Founder's Mentality Blog

What a Cluttered Office Says about Strategic Focus

What a Cluttered Office Says about Strategic Focus

Often, the more cluttered the office, the more ruthlessly focused the company.

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What a Cluttered Office Says about Strategic Focus

A strategy isn’t a strategy until it can be translated into frontline behaviors and routines, so one defining characteristic of companies with a Founder’s MentalitySM is their obsessive focus on the front line.

One of the best examples of that focus I’ve seen recently was scattered around Luis Gil’s office at Securitas Direct in Madrid. Securitas Direct is a leading European supplier of security systems for homes and businesses. With more than 1.5 million security customers and 6,500 employees, it operates in nine European countries and, more recently, in Latin America.

Luis Gil founded and runs Securitas Direct’s businesses in southern Europe—which includes France, Spain and Portugal—as well as its businesses in Chile, Brazil and Peru.

Central to the strategy of those businesses is a maniacal focus on its salespeople, who sell and install the equipment, providing a single turnkey solution. Customer acquisition and retention are at the heart of the company’s business model, and management focuses a huge amount of attention on finding and training its sales staff.

Sitting over a tapas lunch in his Madrid office, we discussed Securitas’s strategy in southern Europe and how he is now applying that repeatable model in Latin America.

Or, at least, I was sitting. As Luis described each point of the strategy—and particularly how the salesforce explains the company’s offerings to key customers—he repeatedly jumped from his chair to pick up one of the many pieces of packaging that filled his office.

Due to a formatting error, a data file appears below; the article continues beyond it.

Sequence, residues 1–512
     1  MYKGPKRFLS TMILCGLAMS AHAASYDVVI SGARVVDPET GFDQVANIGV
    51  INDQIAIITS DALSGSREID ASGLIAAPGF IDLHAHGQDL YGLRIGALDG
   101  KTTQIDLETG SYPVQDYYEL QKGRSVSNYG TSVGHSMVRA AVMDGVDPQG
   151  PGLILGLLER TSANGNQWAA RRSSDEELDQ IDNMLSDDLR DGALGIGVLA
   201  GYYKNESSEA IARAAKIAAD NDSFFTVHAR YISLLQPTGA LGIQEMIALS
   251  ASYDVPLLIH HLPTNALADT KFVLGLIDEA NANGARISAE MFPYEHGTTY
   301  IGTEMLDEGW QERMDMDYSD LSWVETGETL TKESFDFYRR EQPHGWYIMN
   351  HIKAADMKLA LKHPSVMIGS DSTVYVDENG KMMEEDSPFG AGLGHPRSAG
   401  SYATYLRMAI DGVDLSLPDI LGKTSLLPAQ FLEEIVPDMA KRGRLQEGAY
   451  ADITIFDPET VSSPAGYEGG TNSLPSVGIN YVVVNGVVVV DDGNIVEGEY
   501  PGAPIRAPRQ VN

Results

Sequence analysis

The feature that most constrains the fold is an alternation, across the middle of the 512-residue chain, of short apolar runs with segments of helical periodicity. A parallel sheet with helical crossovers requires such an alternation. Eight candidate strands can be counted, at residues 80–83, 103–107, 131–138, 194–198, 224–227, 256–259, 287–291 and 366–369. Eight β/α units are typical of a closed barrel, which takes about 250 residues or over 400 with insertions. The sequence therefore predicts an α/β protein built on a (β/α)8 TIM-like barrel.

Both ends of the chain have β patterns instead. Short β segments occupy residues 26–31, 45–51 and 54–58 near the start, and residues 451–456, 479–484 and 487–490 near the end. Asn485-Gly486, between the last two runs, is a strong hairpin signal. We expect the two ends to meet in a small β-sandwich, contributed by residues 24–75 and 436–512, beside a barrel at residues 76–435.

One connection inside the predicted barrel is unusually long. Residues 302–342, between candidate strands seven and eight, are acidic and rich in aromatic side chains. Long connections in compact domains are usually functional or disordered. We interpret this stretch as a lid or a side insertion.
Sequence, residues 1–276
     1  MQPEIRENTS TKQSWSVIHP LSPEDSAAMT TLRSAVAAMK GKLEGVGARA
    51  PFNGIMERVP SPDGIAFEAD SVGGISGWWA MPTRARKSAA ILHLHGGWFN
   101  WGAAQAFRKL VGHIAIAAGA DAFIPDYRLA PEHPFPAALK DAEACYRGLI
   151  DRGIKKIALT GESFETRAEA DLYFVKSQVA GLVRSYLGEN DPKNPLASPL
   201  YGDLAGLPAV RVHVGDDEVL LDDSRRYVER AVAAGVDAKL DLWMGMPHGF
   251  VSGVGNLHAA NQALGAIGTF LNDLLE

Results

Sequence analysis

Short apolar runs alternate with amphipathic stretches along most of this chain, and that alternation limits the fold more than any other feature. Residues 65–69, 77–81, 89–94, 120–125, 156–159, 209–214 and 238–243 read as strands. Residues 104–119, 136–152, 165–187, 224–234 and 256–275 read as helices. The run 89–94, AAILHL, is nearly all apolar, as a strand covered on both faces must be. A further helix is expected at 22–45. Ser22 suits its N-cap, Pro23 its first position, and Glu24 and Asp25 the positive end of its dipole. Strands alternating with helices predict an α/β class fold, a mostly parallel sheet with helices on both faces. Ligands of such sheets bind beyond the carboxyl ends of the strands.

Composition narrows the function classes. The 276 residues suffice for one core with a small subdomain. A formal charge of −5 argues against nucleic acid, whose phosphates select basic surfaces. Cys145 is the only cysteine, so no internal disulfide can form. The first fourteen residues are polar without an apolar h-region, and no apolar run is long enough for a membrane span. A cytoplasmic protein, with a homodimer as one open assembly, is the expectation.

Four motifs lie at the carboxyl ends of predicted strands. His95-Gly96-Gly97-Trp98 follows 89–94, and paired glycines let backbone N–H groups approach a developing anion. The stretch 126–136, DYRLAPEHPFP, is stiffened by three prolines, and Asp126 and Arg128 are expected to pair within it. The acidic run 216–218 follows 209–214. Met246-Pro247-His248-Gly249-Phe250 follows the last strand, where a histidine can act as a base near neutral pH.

Securitas Direct’s various home security systems come in packages with components that potential customers can see and touch—motion detectors and door sensors, as well as electronic activation keys and remote controls.

“Our salespeople need to be able to explain each proposition in no more than four points,” he told me. “They need to make these points as they show the product in its packaging.  So on the cover, they make the first point of the basic offer. As they then open the cover, you can see the three main items of the system, and our salespeople can make three additional points as they describe each component.” As he explained this, Luis flipped open the cover of a prototype box to reveal the three main products. The four points of the customer proposition were described right on the package.

For Luis, all strategy is theoretical unless he can translate it into a frontline routine—in this case, how the salesperson explains the core proposition in four points to the customer. The design of the packaging isn’t a marketing afterthought, or something delivered 27 layers down from where strategy is set: The design of packaging is the strategy.

As Luis put it, “What’s the point of PowerPoint?  Our success doesn’t demand that I sell you on Securitas Direct in a board room. It demands that our salespeople sell Securitas Direct every day on the front line. So the packaging is an essential part of strategy—it is the way our great products are sold to customers. Packaging is one key way we define and ‘lock in’ our repeatable model.” As a result, he says, “I find it very difficult to have a strategy discussion without a room full of packaging prototypes.”

This is someone with a Founder’s Mentality—someone who never forgets that a strategy must be delivered by the front line. Luis knows that what differentiates the company’s offerings can’t be conveyed through a PowerPoint slide: It must be seen and touched and discussed during a dialogue between customers and salespeople. 

The offices of business leaders reveal a lot. The more prototypes you see—of products, packaging, sales and service contracts, and so on—the more likely it is that you are in the office of someone with a Founder’s Mentality. Often, the more cluttered the office, the more ruthlessly focused the company.